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christakis’ query

Last year, Nicholas Christakis argued that the social sciences were stuck. Rather that fully embrace the massive tidal wave of theory and data from the biological and physical sciences, the social sciences are content to just redo the same analysis over and over. Christakis’ used the example of racial bias. How many social scientists would be truly shocked to find that people have racial biases? If we already know that (and we do, by the way), then why not move on to new problems?

Christakis’ was recently covered in the media for his views and for attending a conference that tries to push this idea. To further promote this view, I would like to introduce Christakis’ Query, which every researcher should ask:

Think about the major question that you are working on and what you think the answer is. Estimate the confidence in your answer. If you already know the answer with more than 50% confidence, then why are you working on it? Why not move on?

Try it out.

50+ chapters of grad skool advice goodness: Grad Skool Rulz ($1!!!!)/From Black Power/Party in the Street!! 

Written by fabiorojas

January 27, 2015 at 12:02 am

defending computational ethnography

Earlier this week, I suggested a lot is to be gained by using computational techniques to measure and analyze qualitative materials, such as ethnographic field notes. The intuition is simple. Qualitative research uses, or produces, a lot of text. Normally, we have to rely on the judgment of the researcher. But now, we have tools that can help us measure and sort the materials, so that we have a firmer basis on which to make claims about what our research does and does not say.

The comments raised a few issues. For example, Neal Caren wrote:

 This is like saying that you want your driverless cars to work for Uber while you are sleeping. While it sounds possible, as currently configured neither ethnographic practices nor quantitative text analysis are up to the task.
This is puzzling. No one made this claim. If people believe that computers will do qualitative work by collecting data or developing hypotheses and research strategies, then they are mistaken. I never said that nor did I imply it. Instead, what I did suggest is that computer scientists are making progress on detecting meaning and content and are doing so in ways that would help research map out or measure text. And with any method, the researcher is responsible for providing definitions, defining the unit of analysis and so forth. Just as we don’t expect regression models to work “while you are sleeping,” we don’t expect automated topic models or other techniques to work without a great level of guidance from people. It’s just a tool, not a magic box.
Another comment was meant as a criticism, but actually supports my point. For example, J wrote:
This assumes that field notes are static and once written, go unchanged. But this is not the consensus among ethnographers, as I understand the field. Jonathan van Maanen, for example, says that field notes are meant to be written and re-written constantly, well into the writing stage. And so if this is the case, then an ethnographer can, implicitly or intentionallly, stack the deck (or, in this case, the data) in their favor during rewrites. What is “typical” can be manipulated, even under the guise of computational methods.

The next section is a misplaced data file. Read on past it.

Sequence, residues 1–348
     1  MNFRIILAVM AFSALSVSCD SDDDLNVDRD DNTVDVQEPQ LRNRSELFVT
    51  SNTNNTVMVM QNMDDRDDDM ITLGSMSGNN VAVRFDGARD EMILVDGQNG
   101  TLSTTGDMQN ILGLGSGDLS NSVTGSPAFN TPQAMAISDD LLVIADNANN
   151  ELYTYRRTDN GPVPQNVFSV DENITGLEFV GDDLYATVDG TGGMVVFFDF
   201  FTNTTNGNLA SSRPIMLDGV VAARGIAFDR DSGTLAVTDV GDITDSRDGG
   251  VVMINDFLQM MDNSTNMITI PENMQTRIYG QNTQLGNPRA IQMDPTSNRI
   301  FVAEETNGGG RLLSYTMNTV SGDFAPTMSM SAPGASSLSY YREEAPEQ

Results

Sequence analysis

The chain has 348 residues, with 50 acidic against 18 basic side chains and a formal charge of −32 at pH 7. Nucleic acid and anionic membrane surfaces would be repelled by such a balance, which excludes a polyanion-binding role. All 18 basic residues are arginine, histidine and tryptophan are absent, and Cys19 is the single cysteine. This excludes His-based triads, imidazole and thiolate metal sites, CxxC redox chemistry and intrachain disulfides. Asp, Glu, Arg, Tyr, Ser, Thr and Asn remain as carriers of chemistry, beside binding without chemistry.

Exactly. If we suspect that field notes and memos are changing after each version, we can actually test that hypothesis. What words appear (or co-appear) in each version? Do word combinations with different sentiments or meanings change in each version? I think it would be extremely illuminating to see what each version of an ethnographer’s notes keeps or discards. Normally, this is impossible to observe and, when reported (which is rare), hard to measure. Now, we actually have some tools.
Will computational ethnography be easy or simple? No. But instead of pretending that qualitative research is buried in a sacred and impenetrable fog of meaning, we can actually apply the tools that are now becoming routine in other areas for studying masses of text. It’s a great frontier to be working in. More sociologists should look into it.

50+ chapters of grad skool advice goodness: Grad Skool Rulz ($1!!!!)/From Black Power/Party in the Street!! 

Written by fabiorojas

January 23, 2015 at 12:01 am

party in the street: the main idea

For the last eleven years, my friend Michael Heaney and I have conducted a longitudinal study of the American antiwar movement. Starting at the 2004 Republican National Convention protests in New York City, we have been interviewing activists, going to their meetings, and observing their direct actions in order to understand the genesis and evolution of social movements.  We’ve produced a detailed account of our research in a new book called Party in the Street: The Antiwar Movement and the Democratic Party after 9/11. If the production process goes as planned, it should be available in February or early March.

In our book, we focused on how the antiwar movement is shaped by its larger political environment. The argument is that the fortunes of the Democratic party affect the antiwar movement’s mobilization. The peak of the movement occured when the Democratic party did not control either the White House or Congress. The movement demobilized as Democrats gained more control over the Federal government.

We argue that the the demobilization reflects two political identities that are sometimes in tension: the partisan and the activist. When partisan and activist goals converge, the movement grows as it draws in sympathetic partisans. If activism and partisanship demand different things, partisan identities might trump the goals of activist, leading to a decline of the movement. We track these shifting motivations and identities during the Bush and Obama administrations using data from over 10,000 surveys of street protestors, in depth interviews with activists, elected leaders, and rank and file demonstrators, content analysis of political speeches, legislative analysis, and ethnographic observations.

If you are interested in social movements, political parties and social change, please check it out. Over the next month and a half, I will write posts about the writing of the book and the arguments that are offered.

50+ chapters of grad skool advice goodness: Grad Skool Rulz ($1!!!!)/From Black Power/Party in the Street!!

Written by fabiorojas

January 6, 2015 at 12:01 am

building computational sociology: from the academic side